It’s already happened at least 21 times in this half-year, resulting in 30 American and European deaths, a 50% jump from 2011, when similar acts occurred at least 21 times with 35 coalition deaths. (The “at least” is there because, in May, the Associated Press reported that, while U.S. and NATO spokespeople were releasing the news of deaths from such acts, green-on-blue incidents that resulted in no fatalities, even if there were wounded, were sometimes not reported at all.)

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America’s Shadow Wars in Africa

Summary:  There’s an institutional drive for growth, just like that in biological entities. Sometimes it become cancerous, inimical to the overall organism. So it is with our mad profitless empire — which makes previous empires (eg, Spain, British) look like works of genius. Here Nick Turse looks at the latest expansion, taking US forces — financed with borrowed money — into Africa. The tyrannical juntas there need our support!

Obama’s Scramble for Africa
Secret Wars, Secret Bases, and the Pentagon’s “New Spice Route” in Africa
By Nick Turse

Originally published at TomDispatch, 12 July 2012.
Reposted with the author’s generous permission.


  1. Introduction by Tom Endlehardt
  2. Our main feature by Nick Turse
  3. Reply by Africom, and Turse’s response
  4. About the author
  5. For more information about our empire

(1) Introduction by Tom Englehardt

Here’s an odd question: Is it possible that the U.S. military is present in more countries and more places now than at the height of the Cold War?  It’s true that the U.S. is reducing its forces and giant bases in Europe and that its troops are out of Iraq (except for that huge, militarized embassy in Baghdad).  On the other hand, there’s that massive ground, air, and naval build-up in the Persian Gulf, the Obama administration’s widely publicized “pivot” to Asia (including troops and ships), those new drone bases in the eastern Indian Ocean region, some movement back into Latin America (including a new base in Chile), and don’t forget Africa, where less than a decade ago, the U.S. had almost no military presence at all.  Now, as TomDispatch Associate Editor Nick Turse writes in the latest in his “changing face of empire” series, U.S. special operations forces, regular troops, private contractors, and drones are spreading across the continent with remarkable (if little noticed) rapidity.

Putting together the pieces on Africa isn’t easy.  For instance, only the other day it was revealed that three U.S. Army commandos in a Toyota Land Cruiser had skidded off a bridge in Mali in April.  They died, all three, along with three women identified as “Moroccan prostitutes.”  This is how we know that U.S. special operations forces were operating in chaotic, previously democratic Mali after a coup by a U.S.-trained captain accelerated the unraveling of the country, leading more recently to its virtual dismemberment by Tuareg rebels and Islamist insurgents.  Consider this a sample of what Nick Turse calls the U.S. military’s “scramble for Africa” in a seamy, secretive nutshell.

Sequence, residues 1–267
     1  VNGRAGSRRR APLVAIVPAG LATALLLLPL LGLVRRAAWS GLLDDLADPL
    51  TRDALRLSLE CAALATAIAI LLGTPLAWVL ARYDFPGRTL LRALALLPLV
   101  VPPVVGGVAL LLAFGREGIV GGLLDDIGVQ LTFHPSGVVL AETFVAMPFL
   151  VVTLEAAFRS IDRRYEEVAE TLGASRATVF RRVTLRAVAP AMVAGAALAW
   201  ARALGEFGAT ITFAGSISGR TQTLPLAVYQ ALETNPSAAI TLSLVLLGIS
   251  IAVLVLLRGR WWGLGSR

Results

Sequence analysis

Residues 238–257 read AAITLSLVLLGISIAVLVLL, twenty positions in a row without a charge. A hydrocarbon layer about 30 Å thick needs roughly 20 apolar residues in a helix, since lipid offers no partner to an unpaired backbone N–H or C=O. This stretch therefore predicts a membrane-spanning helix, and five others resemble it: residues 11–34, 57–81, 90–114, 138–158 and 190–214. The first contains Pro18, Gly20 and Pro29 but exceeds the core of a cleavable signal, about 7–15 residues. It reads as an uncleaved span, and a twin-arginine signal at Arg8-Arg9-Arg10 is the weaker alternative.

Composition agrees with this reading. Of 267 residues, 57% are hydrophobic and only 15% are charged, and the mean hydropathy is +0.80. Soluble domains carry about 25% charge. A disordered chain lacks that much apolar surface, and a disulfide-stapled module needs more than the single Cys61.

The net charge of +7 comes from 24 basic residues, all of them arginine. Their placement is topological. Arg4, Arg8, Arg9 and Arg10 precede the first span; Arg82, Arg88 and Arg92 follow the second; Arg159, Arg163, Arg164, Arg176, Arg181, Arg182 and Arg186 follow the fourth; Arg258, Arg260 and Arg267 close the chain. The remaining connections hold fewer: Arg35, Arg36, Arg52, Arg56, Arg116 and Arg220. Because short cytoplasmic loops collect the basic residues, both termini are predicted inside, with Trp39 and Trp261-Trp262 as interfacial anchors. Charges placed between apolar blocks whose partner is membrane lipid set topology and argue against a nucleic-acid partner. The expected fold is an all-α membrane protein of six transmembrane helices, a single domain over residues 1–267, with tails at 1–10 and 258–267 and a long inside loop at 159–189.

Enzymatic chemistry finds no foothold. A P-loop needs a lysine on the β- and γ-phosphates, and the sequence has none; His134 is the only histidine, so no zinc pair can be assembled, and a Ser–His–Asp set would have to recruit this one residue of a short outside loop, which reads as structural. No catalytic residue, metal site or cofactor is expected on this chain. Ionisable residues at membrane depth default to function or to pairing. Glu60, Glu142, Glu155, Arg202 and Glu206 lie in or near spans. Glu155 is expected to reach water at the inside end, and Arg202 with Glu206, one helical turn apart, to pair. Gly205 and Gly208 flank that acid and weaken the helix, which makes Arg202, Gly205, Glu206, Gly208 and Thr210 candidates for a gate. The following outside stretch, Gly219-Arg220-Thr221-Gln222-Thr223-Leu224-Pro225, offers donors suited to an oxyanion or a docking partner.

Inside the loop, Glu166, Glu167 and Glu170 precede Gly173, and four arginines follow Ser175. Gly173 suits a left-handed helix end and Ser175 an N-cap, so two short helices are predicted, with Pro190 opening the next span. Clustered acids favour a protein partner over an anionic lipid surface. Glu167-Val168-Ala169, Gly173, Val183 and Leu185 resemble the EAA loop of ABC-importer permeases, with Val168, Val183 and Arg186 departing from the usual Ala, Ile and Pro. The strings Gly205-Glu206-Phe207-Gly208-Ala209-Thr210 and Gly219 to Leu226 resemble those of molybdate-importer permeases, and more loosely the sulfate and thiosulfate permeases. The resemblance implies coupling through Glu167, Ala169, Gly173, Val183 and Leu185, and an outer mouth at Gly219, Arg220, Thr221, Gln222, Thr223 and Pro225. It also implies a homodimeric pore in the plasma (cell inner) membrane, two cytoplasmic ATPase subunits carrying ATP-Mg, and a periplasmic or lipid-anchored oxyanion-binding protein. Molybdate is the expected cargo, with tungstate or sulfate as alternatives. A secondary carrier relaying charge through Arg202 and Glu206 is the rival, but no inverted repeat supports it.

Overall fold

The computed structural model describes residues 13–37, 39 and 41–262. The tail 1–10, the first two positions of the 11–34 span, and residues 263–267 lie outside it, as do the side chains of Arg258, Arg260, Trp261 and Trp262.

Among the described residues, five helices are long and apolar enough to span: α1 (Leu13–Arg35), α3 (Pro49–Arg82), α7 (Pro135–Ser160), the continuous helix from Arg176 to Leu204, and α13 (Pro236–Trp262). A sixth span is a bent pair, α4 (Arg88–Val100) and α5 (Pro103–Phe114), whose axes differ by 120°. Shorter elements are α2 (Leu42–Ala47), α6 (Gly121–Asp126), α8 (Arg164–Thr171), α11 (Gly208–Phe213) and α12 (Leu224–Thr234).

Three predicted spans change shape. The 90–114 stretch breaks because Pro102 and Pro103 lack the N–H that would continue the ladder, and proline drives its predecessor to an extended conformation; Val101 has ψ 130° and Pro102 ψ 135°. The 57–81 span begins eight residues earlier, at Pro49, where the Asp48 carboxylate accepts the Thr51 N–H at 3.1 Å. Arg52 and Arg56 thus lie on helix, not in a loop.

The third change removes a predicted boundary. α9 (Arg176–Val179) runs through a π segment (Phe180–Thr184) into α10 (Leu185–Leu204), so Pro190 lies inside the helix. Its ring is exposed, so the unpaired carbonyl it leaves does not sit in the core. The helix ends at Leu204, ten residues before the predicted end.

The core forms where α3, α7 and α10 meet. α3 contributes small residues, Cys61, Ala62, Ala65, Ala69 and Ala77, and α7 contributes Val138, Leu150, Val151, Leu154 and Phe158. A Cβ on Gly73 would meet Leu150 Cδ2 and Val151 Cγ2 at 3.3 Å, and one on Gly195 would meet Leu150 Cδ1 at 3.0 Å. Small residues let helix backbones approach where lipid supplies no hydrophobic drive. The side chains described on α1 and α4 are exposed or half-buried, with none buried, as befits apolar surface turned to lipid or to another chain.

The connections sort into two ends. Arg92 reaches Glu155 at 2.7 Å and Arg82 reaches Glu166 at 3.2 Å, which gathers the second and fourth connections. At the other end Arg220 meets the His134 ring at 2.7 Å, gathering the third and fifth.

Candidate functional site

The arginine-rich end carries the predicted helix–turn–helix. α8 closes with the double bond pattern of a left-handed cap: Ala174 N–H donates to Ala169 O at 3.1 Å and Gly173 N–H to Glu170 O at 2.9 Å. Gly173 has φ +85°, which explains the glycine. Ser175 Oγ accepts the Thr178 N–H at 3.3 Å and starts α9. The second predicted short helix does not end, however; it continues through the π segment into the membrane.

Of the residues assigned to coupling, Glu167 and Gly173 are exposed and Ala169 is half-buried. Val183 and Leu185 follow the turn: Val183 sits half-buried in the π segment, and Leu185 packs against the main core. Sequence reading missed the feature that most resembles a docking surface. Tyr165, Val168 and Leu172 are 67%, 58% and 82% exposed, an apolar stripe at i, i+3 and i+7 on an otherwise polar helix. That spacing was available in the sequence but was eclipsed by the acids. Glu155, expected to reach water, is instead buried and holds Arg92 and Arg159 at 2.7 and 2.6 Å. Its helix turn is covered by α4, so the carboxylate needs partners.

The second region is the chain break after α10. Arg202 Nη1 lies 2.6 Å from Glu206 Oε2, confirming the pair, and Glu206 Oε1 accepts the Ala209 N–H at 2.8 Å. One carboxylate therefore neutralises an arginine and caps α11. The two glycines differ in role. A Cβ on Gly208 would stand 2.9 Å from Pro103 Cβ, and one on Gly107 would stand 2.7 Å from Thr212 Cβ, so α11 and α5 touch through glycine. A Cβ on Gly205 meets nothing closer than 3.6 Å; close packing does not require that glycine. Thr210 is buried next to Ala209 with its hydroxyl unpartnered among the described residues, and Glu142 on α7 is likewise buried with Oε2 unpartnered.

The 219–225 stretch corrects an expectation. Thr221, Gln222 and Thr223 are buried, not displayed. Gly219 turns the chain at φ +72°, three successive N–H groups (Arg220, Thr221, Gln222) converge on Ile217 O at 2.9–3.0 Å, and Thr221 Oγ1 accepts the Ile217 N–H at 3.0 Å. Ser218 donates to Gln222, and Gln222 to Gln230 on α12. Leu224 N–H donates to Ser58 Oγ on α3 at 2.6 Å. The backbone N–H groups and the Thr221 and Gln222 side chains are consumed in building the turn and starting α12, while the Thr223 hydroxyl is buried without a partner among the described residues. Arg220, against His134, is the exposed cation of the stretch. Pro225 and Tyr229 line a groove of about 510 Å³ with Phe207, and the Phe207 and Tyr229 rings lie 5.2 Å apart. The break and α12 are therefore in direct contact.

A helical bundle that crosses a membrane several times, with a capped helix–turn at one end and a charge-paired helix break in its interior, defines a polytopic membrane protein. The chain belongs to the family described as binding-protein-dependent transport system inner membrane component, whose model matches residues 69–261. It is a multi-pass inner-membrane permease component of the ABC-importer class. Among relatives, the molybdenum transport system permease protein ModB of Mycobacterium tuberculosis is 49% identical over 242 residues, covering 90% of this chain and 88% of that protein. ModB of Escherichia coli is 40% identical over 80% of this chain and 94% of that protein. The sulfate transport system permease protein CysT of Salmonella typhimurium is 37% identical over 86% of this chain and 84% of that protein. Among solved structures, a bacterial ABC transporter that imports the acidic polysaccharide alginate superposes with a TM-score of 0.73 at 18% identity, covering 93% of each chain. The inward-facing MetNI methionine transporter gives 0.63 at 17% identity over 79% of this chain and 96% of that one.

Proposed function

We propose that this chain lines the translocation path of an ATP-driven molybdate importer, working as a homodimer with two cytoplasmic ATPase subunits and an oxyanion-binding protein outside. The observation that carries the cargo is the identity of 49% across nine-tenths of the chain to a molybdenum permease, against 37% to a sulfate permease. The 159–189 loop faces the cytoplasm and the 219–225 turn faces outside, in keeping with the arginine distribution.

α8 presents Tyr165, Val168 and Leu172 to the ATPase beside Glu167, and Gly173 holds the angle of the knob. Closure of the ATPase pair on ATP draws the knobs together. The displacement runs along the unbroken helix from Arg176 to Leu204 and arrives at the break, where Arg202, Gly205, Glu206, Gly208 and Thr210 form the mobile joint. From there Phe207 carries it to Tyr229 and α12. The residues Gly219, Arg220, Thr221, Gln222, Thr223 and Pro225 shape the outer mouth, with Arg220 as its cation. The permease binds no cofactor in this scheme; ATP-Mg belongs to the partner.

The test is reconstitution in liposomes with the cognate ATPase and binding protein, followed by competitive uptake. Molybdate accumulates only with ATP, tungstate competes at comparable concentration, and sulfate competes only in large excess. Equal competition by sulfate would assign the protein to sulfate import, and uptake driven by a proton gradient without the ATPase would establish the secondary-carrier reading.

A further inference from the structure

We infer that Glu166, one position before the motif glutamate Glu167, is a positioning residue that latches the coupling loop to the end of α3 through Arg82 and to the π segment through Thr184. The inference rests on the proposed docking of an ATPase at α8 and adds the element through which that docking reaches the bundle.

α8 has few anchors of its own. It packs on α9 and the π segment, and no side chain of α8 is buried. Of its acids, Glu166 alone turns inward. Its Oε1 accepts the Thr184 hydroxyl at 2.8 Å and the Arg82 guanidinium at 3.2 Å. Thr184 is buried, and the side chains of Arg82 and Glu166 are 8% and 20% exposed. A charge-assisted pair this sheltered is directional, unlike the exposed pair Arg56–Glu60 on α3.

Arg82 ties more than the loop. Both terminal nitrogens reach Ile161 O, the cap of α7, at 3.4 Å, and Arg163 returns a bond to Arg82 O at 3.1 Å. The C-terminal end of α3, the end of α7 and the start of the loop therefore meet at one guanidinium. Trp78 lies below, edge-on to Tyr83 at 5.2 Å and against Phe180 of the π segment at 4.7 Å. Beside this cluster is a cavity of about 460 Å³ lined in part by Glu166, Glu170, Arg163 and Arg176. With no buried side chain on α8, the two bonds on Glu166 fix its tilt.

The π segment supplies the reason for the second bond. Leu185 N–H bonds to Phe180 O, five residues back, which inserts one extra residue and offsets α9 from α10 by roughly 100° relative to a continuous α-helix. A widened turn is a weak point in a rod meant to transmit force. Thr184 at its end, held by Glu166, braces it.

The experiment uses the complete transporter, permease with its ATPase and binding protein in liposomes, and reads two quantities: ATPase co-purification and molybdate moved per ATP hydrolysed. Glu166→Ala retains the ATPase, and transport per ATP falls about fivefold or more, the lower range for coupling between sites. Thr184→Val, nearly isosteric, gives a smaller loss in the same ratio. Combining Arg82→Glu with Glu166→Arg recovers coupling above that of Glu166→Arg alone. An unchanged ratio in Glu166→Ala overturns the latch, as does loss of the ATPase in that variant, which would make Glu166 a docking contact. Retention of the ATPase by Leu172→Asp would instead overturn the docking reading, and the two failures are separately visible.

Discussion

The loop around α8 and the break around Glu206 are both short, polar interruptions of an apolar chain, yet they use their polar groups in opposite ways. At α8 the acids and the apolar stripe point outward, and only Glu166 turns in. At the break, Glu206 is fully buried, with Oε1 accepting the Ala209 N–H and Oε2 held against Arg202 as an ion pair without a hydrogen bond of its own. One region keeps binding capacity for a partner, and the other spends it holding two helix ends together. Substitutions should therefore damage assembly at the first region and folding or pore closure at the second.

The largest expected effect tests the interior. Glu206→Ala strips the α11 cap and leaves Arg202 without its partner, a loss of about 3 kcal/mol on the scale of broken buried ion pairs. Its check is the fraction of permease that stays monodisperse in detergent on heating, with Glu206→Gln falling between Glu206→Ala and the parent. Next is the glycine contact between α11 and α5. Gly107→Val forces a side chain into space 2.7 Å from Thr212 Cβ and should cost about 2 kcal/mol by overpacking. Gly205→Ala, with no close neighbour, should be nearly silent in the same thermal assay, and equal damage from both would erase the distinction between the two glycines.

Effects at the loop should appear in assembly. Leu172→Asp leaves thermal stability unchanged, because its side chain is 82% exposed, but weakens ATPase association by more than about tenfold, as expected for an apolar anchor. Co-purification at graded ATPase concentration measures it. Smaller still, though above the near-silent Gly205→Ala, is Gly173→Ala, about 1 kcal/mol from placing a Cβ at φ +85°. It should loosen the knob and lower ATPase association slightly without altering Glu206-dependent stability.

So here’s another question: Who decided in 2007 that a U.S. Africa Command should be set up to begin a process of turning that continent into a web of U.S. bases and other operations?  Who decided that every Islamist rebel group in Africa, no matter how local or locally focused, was a threat to the U.S., calling for a military response?  Certainly not the American people, who know nothing about this, who were never asked if expanding the U.S. global military mission to Africa was something they favored, who never heard the slightest debate, or even a single peep from Washington on the subject.

(2) Our main feature, by Nick Turse

They call it the New Spice Route, an homage to the medieval trade network that connected Europe, Africa, and Asia, even if today’s “spice road” has nothing to do with cinnamon, cloves, or silks.  Instead, it’s a superpower’s superhighway, on which trucks and ships shuttle fuel, food, and military equipment through a growing maritime and ground transportation infrastructure to a network of supply depots, tiny camps, and airfields meant to service a fast-growing U.S. military presence in Africa.

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The Great Charter. Its Fate, and Ours.

Summary:  The past decade has seen us stripped of civil liberties dating back to the signing of Magna Carta in 1215, and won through centuries of struggle since then.  As the Founders feared might happen.  Today Noam Chomsky explains how this happened and what it means for us. The next few years might be decisive; America’s future lies in our hands.

The Great Charter, Its Fate, and Ours

By Noam Chomsky. Originally published at TomDispatch. Reposted with their generous permission.

The tomb of Magna Carta


  1. Introduction by Tom Englehardt
  2. Destroying the Commons. How the Magna Carta Became a Minor Carta
  3. About the author
  4. For more information

(1)  Introduction by Tom Engelhardt

This week the ACLU and the Center for Constitutional Rights filed suit against CIA Director David Petraeus, Secretary of Defense Leon Panetta, and two top special operations forces commanders for “violating the Constitution and international law” in the drone assassination of three American citizens in Yemen, Anwar al-Awlaki, Samir Khan, and al-Awlaki’s 16-year-old son Abdulrahman (though no one claims he had anything whatsoever to do with terror campaigns).  The suit is based on the Constitution’s promise of “due process” (“[N]or shall any person… be deprived of life, liberty, or property, without due process of law”), which to the untutored eye of this non-lawyer clearly seems to involve “law.”